Plug-in hybrid electric vehicles (PHEVs) have been promoted as a potential technology that can reduce vehicles' fuel consumption, decreasing transportation-related emissions and dependence on imported oil. The net emission and cost impacts of PHEV use are intimately connected with the electricity generator mix used for PHEV charging, which will in turn depend on when during the day PHEVs are recharged. This paper analyzes the effects of a PHEV fleet in the state of Ohio. The analysis considers two different charging scenarios-a controlled and an uncontrolled scenario-which offer the grid operator different levels of control over the timing of PHEV charging. The analysis shows that PHEV use could result in major reductions in gasoline consumption of close to 70% per vehicle compared to a conventional vehicle (CV) under both charging scenarios. Moreover, despite the high penetrations of coal in the Ohio power system, net CO2 emissions from a PHEV could be up to 24% lower than that of a CV in the uncontrolled case, however, CO2 and NOx emissions would increase in both scenarios. © 2010 Elsevier Ltd.

Cost and emissions impacts of plug-in hybrid vehicles on the Ohio power system

MARANO, VINCENZO
2010-01-01

Abstract

Plug-in hybrid electric vehicles (PHEVs) have been promoted as a potential technology that can reduce vehicles' fuel consumption, decreasing transportation-related emissions and dependence on imported oil. The net emission and cost impacts of PHEV use are intimately connected with the electricity generator mix used for PHEV charging, which will in turn depend on when during the day PHEVs are recharged. This paper analyzes the effects of a PHEV fleet in the state of Ohio. The analysis considers two different charging scenarios-a controlled and an uncontrolled scenario-which offer the grid operator different levels of control over the timing of PHEV charging. The analysis shows that PHEV use could result in major reductions in gasoline consumption of close to 70% per vehicle compared to a conventional vehicle (CV) under both charging scenarios. Moreover, despite the high penetrations of coal in the Ohio power system, net CO2 emissions from a PHEV could be up to 24% lower than that of a CV in the uncontrolled case, however, CO2 and NOx emissions would increase in both scenarios. © 2010 Elsevier Ltd.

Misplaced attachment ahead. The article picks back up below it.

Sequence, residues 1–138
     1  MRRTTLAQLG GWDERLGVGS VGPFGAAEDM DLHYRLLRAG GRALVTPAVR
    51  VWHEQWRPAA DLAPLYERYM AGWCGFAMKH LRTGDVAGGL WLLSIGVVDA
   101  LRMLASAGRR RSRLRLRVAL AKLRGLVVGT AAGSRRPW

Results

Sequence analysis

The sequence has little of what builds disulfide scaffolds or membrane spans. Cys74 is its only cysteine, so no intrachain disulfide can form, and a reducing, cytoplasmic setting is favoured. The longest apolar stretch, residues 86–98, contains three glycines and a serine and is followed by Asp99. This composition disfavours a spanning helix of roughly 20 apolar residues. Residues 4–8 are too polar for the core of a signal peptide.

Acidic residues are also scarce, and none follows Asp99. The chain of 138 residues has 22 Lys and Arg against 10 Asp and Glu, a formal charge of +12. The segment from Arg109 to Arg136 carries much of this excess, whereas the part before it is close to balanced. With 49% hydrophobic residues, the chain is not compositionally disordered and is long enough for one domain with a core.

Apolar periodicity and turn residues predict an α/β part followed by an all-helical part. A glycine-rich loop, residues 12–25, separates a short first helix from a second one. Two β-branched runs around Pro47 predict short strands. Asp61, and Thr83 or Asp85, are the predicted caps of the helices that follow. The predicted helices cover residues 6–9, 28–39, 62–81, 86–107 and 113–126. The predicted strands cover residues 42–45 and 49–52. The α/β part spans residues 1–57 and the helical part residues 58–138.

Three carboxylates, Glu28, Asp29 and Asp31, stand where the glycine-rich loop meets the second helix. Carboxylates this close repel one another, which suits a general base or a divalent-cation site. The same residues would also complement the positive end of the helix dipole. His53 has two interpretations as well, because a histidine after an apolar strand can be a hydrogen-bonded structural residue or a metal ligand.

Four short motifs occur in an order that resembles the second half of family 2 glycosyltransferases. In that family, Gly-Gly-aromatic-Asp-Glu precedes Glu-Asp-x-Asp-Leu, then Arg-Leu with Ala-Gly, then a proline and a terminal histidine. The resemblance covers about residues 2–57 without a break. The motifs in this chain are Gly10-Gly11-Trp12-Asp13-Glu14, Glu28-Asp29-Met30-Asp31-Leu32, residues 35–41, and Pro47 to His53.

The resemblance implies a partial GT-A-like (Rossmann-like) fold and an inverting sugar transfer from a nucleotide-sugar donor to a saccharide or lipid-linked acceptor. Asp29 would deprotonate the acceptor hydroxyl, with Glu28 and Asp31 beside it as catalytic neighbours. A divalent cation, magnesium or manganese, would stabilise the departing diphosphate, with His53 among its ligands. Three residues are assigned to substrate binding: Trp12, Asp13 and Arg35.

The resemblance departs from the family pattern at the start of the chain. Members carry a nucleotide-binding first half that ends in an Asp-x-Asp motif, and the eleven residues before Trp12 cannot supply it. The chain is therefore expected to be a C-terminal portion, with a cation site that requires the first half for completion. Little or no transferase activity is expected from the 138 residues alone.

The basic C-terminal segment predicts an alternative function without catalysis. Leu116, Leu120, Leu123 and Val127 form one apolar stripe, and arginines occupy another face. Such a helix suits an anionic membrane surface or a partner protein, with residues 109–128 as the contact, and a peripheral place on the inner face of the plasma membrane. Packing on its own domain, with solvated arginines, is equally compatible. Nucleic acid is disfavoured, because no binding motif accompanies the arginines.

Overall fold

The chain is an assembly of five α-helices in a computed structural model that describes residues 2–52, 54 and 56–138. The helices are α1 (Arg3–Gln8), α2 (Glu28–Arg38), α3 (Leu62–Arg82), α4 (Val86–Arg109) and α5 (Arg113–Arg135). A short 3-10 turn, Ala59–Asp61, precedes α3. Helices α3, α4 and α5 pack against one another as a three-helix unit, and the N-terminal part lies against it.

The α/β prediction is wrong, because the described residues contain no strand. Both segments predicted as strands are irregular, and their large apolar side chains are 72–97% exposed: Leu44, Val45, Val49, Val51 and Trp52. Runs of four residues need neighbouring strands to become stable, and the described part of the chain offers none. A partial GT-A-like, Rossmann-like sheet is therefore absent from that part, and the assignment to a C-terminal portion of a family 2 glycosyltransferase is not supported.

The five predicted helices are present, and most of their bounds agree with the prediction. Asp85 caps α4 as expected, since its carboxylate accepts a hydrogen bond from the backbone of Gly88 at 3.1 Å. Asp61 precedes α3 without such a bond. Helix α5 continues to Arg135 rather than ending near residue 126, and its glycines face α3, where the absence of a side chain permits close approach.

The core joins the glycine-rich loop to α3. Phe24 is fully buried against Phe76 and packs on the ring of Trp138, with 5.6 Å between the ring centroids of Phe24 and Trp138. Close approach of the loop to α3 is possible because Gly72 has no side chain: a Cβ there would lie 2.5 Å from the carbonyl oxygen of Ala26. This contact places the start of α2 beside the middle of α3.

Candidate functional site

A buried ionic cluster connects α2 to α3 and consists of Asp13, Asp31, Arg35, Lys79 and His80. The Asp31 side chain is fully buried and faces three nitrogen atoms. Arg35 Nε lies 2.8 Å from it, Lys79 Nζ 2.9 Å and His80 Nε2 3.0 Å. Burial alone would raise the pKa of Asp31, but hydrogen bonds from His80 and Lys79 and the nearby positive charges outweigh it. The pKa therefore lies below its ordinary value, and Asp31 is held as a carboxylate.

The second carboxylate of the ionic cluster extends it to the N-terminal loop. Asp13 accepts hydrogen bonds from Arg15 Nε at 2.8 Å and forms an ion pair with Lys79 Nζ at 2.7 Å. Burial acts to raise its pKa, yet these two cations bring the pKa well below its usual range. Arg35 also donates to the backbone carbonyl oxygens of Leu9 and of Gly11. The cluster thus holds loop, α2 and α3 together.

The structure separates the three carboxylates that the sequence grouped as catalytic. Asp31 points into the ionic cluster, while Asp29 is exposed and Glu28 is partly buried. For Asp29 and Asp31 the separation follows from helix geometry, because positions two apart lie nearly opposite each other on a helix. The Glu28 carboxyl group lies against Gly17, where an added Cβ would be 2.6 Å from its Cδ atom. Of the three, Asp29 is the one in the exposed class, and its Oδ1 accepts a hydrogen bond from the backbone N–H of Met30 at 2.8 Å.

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Utilizza questo identificativo per citare o creare un link a questo documento: https://hdl.handle.net/11386/3877950
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